Composting offers a safe, economical, and environmental friendly approach towards disposal of wastewater sludge generated from treatment plant processes. Due to shortage of available landfills and tighter air regulatory controls, these have turned the attention of engineers towards using composting which is looked upon as viable solution to overcome all that. Sludge compost systems are all operated using similar processes whereby organic materials will undergo different steps of biological degradation to produce stable humus which can be used as soil conditioner in agricultural field. In order to degrade and stabilize the sludge to composted material, it has to undergo stages of increased microbial activity coupled with rise in temperature caused by organic breakdown.
The are generally three different types of systems being built and used in wastewater treatment plants which are the 1) aerated static pile, 2) windrow system and the 3) enclosed vessel system. All of these systems operate on a similar concept that applies the same basic principles which starts by first adding bulking agent and amendment to the dewatered sludge. This is followed by aeration of the compost pile and finally curing the sludge before final disposal. To make things easier and explain into details, the amendment is actually organic materials such as sawdust, straw and hulls, added to the in feed stream so that it can reduce the bulk weight and make aeration (whether by mechanical or addition of air) becomes easier and more effective. Bulking agent on the other hand, serves as provider for structural support and increase porosity of the sludge so that air gets trap enough for microbial actions. Normally wood chips are selected to be used as bulking agent.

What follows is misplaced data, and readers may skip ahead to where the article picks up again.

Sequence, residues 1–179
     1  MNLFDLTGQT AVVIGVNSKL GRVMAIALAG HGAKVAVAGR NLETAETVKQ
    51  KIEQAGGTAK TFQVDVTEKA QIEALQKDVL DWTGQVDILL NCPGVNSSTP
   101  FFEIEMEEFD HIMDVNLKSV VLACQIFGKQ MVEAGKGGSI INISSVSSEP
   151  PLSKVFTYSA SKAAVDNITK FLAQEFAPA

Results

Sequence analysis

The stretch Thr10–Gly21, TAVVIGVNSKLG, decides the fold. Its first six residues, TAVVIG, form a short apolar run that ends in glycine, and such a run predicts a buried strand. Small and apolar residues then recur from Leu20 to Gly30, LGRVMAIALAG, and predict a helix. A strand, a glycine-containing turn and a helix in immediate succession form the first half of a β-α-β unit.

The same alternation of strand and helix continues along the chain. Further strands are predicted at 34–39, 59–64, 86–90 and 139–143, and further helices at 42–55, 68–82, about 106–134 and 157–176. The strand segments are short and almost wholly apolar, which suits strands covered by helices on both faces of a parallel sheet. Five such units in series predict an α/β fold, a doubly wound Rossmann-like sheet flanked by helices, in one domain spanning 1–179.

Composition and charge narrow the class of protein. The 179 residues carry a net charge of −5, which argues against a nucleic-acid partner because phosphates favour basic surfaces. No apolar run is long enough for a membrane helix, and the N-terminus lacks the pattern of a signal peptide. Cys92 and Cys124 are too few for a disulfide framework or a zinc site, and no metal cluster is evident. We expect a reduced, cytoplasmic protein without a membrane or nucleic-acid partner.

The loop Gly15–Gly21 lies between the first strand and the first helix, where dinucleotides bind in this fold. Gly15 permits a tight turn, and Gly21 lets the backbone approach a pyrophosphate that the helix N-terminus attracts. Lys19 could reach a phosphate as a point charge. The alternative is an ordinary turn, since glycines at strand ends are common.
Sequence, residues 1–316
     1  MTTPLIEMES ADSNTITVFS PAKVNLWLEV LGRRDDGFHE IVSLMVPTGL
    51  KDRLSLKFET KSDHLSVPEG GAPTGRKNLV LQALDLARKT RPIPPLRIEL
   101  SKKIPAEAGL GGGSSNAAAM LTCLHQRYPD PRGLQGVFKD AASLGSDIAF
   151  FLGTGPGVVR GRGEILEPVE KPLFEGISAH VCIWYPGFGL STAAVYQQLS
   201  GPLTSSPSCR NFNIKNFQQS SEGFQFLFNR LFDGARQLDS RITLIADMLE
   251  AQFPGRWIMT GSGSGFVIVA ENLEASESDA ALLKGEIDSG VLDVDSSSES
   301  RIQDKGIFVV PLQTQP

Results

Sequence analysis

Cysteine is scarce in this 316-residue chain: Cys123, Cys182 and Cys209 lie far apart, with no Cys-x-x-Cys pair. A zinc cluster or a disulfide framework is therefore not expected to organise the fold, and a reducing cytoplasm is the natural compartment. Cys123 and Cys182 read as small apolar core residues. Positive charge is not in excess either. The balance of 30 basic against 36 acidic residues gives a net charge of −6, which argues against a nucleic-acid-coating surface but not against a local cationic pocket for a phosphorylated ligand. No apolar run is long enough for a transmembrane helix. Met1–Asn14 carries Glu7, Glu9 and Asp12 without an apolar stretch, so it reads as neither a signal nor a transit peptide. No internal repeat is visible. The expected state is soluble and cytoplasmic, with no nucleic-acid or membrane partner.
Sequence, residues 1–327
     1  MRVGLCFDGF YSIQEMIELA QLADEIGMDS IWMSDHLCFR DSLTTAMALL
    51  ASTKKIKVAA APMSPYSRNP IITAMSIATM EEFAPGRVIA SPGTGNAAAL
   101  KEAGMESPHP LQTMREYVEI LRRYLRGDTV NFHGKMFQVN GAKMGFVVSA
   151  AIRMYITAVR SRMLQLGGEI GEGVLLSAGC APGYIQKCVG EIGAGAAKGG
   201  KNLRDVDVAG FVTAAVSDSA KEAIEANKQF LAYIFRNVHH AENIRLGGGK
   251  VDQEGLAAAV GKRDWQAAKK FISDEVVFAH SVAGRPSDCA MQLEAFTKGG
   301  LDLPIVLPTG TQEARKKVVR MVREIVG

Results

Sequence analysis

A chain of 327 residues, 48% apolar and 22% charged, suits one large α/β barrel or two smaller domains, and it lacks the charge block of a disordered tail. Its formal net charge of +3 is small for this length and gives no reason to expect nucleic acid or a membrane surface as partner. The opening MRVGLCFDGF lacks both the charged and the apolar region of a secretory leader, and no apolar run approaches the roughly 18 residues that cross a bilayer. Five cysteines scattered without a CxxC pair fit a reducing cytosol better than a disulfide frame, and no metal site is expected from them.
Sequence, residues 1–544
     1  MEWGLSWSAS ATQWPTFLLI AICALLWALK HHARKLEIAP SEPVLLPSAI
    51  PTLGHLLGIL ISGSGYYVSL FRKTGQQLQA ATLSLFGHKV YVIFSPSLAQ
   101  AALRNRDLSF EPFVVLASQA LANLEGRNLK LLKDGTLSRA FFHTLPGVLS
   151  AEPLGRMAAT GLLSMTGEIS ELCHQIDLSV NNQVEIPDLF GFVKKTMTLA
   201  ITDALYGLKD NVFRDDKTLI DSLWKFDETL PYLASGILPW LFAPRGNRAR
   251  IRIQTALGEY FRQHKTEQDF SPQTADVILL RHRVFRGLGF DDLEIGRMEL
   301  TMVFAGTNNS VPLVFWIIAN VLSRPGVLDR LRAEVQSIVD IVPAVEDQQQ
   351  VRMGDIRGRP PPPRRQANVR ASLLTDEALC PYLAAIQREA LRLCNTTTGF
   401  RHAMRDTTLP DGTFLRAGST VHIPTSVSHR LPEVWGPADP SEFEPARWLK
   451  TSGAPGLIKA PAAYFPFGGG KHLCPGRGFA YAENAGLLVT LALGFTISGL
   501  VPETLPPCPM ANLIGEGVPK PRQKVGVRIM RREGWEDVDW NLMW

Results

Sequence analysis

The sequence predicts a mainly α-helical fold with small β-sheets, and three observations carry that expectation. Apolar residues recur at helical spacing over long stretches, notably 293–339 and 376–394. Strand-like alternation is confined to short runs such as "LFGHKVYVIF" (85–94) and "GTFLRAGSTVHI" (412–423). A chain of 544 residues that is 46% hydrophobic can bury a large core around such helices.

Let’s look at the choice of systems suited for wastewater sludge composting.
Aerated Static Pile
The system is made up of a network of perforated pipes which serves as an underground aerator unit generated by a blower with the mixture of sludge and bulking agent placed on top to cover the pipes. Typically the sludge is piled to a maximum height of 2 meters and the material is left to be composted for at least 25 to 30 days and to further extend additional 30 days time period for curing. Usually a layer of screened compost is often added at the last top most layers so that it can serve as a good insulator. For more effective composting effect, usually one has to ensure that there is sufficient air by making sure that there is enough blower unit assigned for piles of sludge mix. Nowadays, improved aerated static pile systems are developed to have the unit operated in a closed facility so that it can have better odor control.
Windrow system is more or less similar like the aerated static pile except that the rows can be turned for better mixing to assist in the composting process. Usually this is considered more effective because it will lead to better mixing but however with the turning effect, this will release foul odors and thus windrow should be carried out in an enclosed system. Similar as in previous setup, windrow system will also need bulking agents and amendments added to the sludge so that composting effect can be more effective and the period can be anywhere between 20 to 25 days to complete one cycle.
Enclosed Vessel System
Unlike windrow or static pile, in a vessel system, the composting is carried out in an enclosed container complete with proper process monitoring such as temperature and oxygen concentration. Generally using this system offers a faster turn cycle as the process can be controlled to the maximum rate. Furthermore since the whole composting is carried out in an enclosed vessel, this offers a better odor control and enhanced efficiency. However, one weakness in using this system is that only a low amount of sludge can be composted at any single time. There are basically two different types of this setup, one is the plug-flow and another is the dynamic type.